Archives For Rivers in China

It is difficult for most people, myself included, to grasp how large Beijing is. The population density is staggering to most of us, as there are about 22 million people living there and it is still growing! The population growth has led to a few unique problems, and today I wanted to share with you about one surprising situation.

I have heard it said that Beijing is sinking! I know that seems hard to believe, but I can’t imagine this report would be published if there wasn’t some data to reinforce it. So, here is the theory. With the constant growth of Beijing’s population, the need for more and more water is apparent. The belief is that, as more and more water is consumed from beneath Beijing, it is not being replaced by sources. With this void from missing water, the weight of Beijing is actually causing it to sink slightly (less than an inch) annually.

Is Beijing Really Sinking?

I can honestly say that I don’t recall ever seeing a raging stream near Beijing. I can, however, say I have seen several shallow streams like the ones represented in the photos.

Is Beijing Really Sinking?

I have heard of an enormous project planned to bring water from south of Beijing into the city. This plan will tap into the river system in the south, and route the water to Beijing. I have heard that canals would be dug, and I have heard that a pipeline with pumps would be used. This project may be in progress or already completed, but I am not sure.

The two photographs above were taken slightly outside Beijing, and the picture below was taken inside Beijing. The stream in the city has concrete walls to control the water and stop erosion. I think you will notice a difference in the water levels also.

Is Beijing Really Sinking?

I don’t know all that is involved with addressing this issue of sinking, or if it is something worthy of concern, but I do know that Beijing is an amazing city to visit!

If you ever have the opportunity to visit, please take advantage of it!

Shanghai: Huangpu River

September 18, 2014 — Leave a comment

There is a large river flowing through Shanghai called the Huangpu River.  This river divides Shanghai into two different areas.  To the east of the river is an area called Pudong and to the west of the river is Puxi.

The Huangpu River is 70 miles long. It was made by Lord Chunshen, one of the Four Lords of the Warring States, sometime between 475 BC and 221 BC.  It is approximately 1200 feet wide and 27 feet deep. The Suzhou Creek is the main tributary for it.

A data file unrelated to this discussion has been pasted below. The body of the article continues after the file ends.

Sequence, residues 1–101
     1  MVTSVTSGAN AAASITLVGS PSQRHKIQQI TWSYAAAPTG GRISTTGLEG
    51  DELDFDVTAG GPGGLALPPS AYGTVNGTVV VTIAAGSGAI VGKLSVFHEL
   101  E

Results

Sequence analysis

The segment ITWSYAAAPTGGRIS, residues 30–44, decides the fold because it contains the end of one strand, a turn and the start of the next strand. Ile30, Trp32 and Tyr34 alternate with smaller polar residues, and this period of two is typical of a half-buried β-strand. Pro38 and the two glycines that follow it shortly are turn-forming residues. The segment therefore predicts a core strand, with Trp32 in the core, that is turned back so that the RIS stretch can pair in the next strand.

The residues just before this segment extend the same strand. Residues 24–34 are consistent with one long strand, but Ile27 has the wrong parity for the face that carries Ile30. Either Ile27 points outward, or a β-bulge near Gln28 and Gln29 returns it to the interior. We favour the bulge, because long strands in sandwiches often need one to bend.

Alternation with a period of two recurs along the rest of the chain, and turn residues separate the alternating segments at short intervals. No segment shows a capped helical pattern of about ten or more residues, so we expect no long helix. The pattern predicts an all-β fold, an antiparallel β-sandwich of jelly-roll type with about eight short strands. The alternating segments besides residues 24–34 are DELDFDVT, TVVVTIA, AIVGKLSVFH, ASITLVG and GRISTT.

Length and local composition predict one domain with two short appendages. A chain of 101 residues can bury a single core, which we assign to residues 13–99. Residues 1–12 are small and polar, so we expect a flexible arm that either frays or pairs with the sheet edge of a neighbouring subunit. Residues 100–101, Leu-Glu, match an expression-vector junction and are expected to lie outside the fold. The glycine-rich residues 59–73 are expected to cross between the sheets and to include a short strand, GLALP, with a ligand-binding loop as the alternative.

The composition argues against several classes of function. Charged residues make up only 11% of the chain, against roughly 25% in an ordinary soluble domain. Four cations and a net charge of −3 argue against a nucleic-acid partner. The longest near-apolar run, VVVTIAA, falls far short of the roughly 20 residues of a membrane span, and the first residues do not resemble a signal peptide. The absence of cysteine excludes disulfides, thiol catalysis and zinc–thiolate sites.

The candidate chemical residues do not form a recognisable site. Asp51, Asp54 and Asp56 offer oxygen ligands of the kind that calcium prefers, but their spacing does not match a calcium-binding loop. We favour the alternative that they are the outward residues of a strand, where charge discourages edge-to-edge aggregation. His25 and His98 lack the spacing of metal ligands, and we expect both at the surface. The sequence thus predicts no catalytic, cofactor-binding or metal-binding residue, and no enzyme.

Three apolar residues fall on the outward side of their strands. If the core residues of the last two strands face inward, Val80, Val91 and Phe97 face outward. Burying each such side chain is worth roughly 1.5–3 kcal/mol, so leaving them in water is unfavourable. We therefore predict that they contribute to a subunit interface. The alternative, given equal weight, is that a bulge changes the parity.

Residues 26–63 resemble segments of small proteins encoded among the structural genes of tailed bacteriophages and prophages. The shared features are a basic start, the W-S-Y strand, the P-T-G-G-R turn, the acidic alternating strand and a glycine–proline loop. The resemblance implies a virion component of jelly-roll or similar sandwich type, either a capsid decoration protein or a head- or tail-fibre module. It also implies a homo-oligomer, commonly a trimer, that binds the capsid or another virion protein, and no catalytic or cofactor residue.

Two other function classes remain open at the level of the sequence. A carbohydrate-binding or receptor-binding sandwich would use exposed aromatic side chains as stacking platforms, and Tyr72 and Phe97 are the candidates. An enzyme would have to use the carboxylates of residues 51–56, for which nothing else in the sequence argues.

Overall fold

The Bund is a special area of Shanghai; the Huangpu River runs beside The Bund.  I was very impressed with all of the shipping that takes place along the river and by all of the different types of boats using the river.  The Huangpu River truly has a great view of Shanghai!






One afternoon, I watched tug boats and barges make their way along the river. I wish I had been counting; there were so many of them!  Sometimes, you could see the cargo on the ships, but not always.  It was interesting to me to see wooden boats and metal boats all doing the same work.

There is so much history along the banks of the Huangpu River.  Just notice the different types of buildings. You can tell there are some great stories to know about the area.

Yangtze River

July 8, 2014 — Leave a comment

What an impressive body of water! I have only seen the Yangtze River just north of Shanghai, but it is very memorable if you have ever seen the river at this location. There is a HUGE bridge that spans the river and it seems like you will never reach the other end of the bridge once you are on it. You are also extremely high over the water of the Yangtze River, which provides an amazing view! You know right away that this river is no ordinary river. In fact, it is the longest river in Asia and the 3rd longest river in the world. It starts in the Qinghai region of China, where it is fed by glaciers. From there the mighty river moves eastward for nearly 4,000 miles and it helps commerce along the way. There are so many things to see as the river flows farther than you can see. In this area, there is significant shipping industry, storage facilities, and what looks to be an area where ships are built and maybe even repaired.

My apologies for the quality of the picture!  Unfortunately, I couldn’t lower the window of my bus.


Yangtze2The width of the river in this area makes it appear to be a much larger body of water than a normal river.  I would be interested in knowing how many, if any, have successfully swam the width of the Yangtze River in this area near Shanghai.

The largest hydro-electric power plant in the world, the Three Gorges Dam, is on the Yangtze River.  It has become a very popular tourist trip to tour the river and see the dam!